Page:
Unilever

InfluenceMap Score
B
Performance Band
85%
Organisation Score
66%
Relationship Score
Sector:
Consumer Staples
Head​quarters:
London, United Kingdom
Brands and Associated Companies:
Dove, Lipton, Knorr, Flora
Official Web Site:
Wikipedia:

Climate Lobbying Overview: Unilever appears to support ambitious action on climate change and has actively and positively supported various strands of climate-related regulation. The company appears to support the energy transition, including the phase-out of coal and the removal of fossil fuel subsidies.

Top-line Messaging on Climate Policy: Unilever’s top-line messaging is supportive of ambitious action on climate change. In its 2021 Annual Report, published in December 2021, Unilever committed to ensuring that its lobbying on public policy relevant to climate change is aligned with the goals of the UN Paris Agreement. In September 2021, Unilever signed an open letter calling for the G20 to ensure the world achieves 1.5°C. On its corporate website, accessed in August 2022, Unilever recognized that mitigating climate change through land-use techniques is part of the solution. The company supported the EU’s Green Deal and 2050 net-zero target in a joint letter in December 2022, and it supported increasing the ambition of US climate policy in a joint letter in May 2022. In a joint letter in November 2022 the CEO Alan Jope called for governments to set Paris-aligned Nationally Determined Contributions before COP27.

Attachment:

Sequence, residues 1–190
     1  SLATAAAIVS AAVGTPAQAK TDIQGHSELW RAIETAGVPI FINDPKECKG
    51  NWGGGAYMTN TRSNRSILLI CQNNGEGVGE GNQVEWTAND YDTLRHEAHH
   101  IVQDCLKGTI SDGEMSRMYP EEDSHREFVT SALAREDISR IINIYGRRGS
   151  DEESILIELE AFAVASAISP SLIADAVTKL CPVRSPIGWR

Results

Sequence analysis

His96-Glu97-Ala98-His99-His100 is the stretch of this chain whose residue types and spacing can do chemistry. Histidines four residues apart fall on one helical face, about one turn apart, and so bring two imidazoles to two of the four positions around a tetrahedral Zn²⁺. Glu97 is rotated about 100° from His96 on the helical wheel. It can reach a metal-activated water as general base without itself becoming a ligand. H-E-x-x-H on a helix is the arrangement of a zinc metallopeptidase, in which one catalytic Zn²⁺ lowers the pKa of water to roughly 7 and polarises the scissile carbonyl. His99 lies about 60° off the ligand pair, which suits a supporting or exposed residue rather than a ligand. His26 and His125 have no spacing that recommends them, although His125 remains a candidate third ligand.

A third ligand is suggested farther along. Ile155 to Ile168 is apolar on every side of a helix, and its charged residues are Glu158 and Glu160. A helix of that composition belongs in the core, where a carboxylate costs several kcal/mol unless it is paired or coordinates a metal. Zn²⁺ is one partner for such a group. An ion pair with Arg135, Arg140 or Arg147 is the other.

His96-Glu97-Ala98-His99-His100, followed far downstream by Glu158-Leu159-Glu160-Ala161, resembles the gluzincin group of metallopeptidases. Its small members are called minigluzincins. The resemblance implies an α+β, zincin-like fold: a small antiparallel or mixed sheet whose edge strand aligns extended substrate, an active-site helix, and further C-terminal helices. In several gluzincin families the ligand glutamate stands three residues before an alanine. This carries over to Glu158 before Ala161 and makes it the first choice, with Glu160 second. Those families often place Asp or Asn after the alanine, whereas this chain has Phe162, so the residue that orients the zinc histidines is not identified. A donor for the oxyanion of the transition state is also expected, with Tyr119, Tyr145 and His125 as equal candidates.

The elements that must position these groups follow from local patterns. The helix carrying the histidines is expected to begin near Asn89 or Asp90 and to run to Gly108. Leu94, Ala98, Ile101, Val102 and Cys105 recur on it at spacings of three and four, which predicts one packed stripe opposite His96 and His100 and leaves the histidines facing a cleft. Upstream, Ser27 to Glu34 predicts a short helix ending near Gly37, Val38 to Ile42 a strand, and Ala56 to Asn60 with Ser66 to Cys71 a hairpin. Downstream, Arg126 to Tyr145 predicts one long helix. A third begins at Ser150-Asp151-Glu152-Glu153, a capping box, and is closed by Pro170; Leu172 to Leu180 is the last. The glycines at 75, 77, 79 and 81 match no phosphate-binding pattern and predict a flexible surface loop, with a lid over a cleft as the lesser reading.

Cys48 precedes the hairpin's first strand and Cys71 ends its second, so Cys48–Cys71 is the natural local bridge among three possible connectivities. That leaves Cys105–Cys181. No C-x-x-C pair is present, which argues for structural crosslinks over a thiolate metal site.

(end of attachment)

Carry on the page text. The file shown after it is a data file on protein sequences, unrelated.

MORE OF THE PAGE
Engagement with Climate-related Regulations: Unilever appears to have actively supported multiple climate change related regulations and policies. In June 2022, Alan Jope, the CEO of Unilever signed a joint letter stating strong support for a more ambitious EU Emissions Trading Scheme (ETS) reform. In April 2021 in an open letter, Unilever directly advocated for the US President to set an ambitious 2030 GHG emission target. Its 2021 CDP response stated that it advocated for the strengthening of efficiency targets in both the EU and the US, and in a November 2022 joint letter the CEO supported incentives for energy efficiency and renewable energy technologies on both the supply and demand side, and clear standards and frameworks for renewable energy power purchase agreements.

Unilever appears to have limited but positive engagement with land-use and policy and regulations. In October 2021 it stated general support for the implementation of the Sustainable Food Systems Legislation, advocating for greater investment in plant-based proteins. On its corporate website, accessed in August 2022, Unilever appears to broadly support transitioning diets in line with the IPCC. InfluenceMap did not detect evidence of Unilever engaging on EU policy to remove deforestation from its supply chains, nor on the protection of forests through legislation.